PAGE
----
Page 52 - British Inquiry into Loss of RMS Titanic Day 14 - 18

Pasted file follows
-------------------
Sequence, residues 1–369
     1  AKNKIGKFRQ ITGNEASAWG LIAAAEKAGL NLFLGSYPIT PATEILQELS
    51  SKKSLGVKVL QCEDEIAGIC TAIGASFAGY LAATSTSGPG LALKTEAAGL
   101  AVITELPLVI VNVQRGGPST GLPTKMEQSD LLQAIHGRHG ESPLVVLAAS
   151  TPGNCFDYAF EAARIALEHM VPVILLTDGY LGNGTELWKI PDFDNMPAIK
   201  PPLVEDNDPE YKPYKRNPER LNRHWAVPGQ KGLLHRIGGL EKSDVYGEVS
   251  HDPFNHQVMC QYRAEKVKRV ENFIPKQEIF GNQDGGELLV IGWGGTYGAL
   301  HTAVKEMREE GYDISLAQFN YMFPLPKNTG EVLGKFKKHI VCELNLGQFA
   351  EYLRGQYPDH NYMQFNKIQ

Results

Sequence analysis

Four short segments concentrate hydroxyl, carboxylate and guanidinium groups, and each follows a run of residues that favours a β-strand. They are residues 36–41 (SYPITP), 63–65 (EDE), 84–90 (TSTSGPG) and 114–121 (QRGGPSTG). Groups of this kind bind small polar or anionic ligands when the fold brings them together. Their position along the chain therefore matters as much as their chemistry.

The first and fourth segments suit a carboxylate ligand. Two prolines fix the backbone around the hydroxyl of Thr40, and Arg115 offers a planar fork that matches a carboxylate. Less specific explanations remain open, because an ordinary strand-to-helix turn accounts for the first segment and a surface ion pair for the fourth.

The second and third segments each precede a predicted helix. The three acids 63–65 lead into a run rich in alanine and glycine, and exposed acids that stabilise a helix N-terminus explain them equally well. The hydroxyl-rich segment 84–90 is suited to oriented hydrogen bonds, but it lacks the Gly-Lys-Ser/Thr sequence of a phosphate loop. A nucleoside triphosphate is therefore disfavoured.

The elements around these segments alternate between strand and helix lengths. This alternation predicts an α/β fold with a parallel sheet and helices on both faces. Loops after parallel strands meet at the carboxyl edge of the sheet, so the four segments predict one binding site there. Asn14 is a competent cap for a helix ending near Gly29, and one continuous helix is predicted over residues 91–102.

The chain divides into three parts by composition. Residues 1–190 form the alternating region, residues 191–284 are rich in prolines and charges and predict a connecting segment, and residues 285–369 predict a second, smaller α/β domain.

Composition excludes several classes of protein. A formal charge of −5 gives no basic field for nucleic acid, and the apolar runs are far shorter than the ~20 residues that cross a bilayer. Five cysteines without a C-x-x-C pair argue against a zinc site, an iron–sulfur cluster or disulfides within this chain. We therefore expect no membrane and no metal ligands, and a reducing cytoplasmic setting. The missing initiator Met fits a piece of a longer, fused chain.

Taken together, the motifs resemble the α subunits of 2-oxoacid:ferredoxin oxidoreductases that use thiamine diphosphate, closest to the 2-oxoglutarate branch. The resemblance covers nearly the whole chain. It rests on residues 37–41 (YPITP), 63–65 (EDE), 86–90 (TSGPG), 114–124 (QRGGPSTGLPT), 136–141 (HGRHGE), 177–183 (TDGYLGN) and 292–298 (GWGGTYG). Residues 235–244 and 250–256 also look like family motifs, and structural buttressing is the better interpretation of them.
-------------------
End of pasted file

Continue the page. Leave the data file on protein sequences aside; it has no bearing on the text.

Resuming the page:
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16911. Is it only today, just now, that you have got to know about the chit, with “ice” and the position marked? - That is all that I have heard of it, just this moment. 16912. Can you tell us anything about that chit? - Yes. The mentioning of it has refreshed my memory, and I remember writing it out. 16913. (The Commissioner.) You wrote it? - Yes, and it is the position of the “Caronia’s” ice. I copied it off the notice board to save taking the telegram itself down. I copied it on a chit and took it into the Captain’s chart room, and put it on the chart, and that is the ice that I must have put down between 4 and 6 in the evening. 16914. (Sir Robert Finlay.) You have heard, I daresay, of the message sent from the “Amerika” to the “Titanic” for transmission to Cape Race? - Only since I have read the evidence - that is all I had not heard of it before. 16915. Did you ever hear anything of any such message? - Not on board the ship. 16916. It is only in the evidence, since that you have heard of it? - Yes, I think reading over some of the Washington evidence or some of the telegrams that were read over in Washington was the first I heard of it. 16917. The evidence in America? - Yes. 16918. Now, with regard to the “Mesaba” message, you were on the 8 to 12 watch, I think? - Yes. 16919. Did any message from the “Mesaba” ever come to your knowledge, or did you ever hear anything about it? - I never heard anything of the “Mesaba’s” message until the night we arrived in New York on the “Carpathia,” and someone who had been talking to the Captain of the “Mesaba” had heard him say, or he told them that his ship had warned us that night; that was the first of the “Mesaba’s” message that I heard. 16920. The “Mesaba’s” message would have reached you about 10 o’clock, if it was transmitted to the “Titanic”? - Yes. 16921. You were on duty then? - Yes. 16922. You never heard about it? - No, I never heard a word about the ship. 16923. Was there any message during the time you were on duty, from 8 to 12, received by any of the officers on the bridge? - Not to my knowledge. 16924. You know of none. Was Captain Smith on and off the bridge during your watch? - Frequently. 16925. At what intervals did he come on the bridge? - The first that I remember seeing of Captain Smith was somewhere in the vicinity of 9 o’clock, but from 9 o’clock to the time of the collision, Captain Smith was around there the whole of the time; I was talking to him on one or two occasions. 16926. Were you talking to him on the bridge? - Sometimes in the officers’ chart room and sometimes at his chart room door. 16927. What were you talking about? - I was discussing some stellar bearings I had had. I was also standing at his chart room door while he pricked off the 7.30 stellar position of the ship. 16928. Was anything ever said by the Captain about any such message as that that the “Mesaba” sent? - No, none whatever. 16929. You know what the message was? - Yes, I have read it this morning. 16930. It is a message of a somewhat startling character? - Yes, it is. 16931. It is a message that would have been mentioned in conversation if it had been received? - Undoubtedly. 16932. Was the position of the vessel pricked off? - Yes, the Captain pricked the position. 16933. At what time? - It would be pretty nearly 10 o’clock, I should think. The Solicitor-General: He did it then, but it was the position found at 7.30. 16934. (Sir Robert Finlay.) Yes, he pricked it off at 10 o’clock, but it was the position the ship
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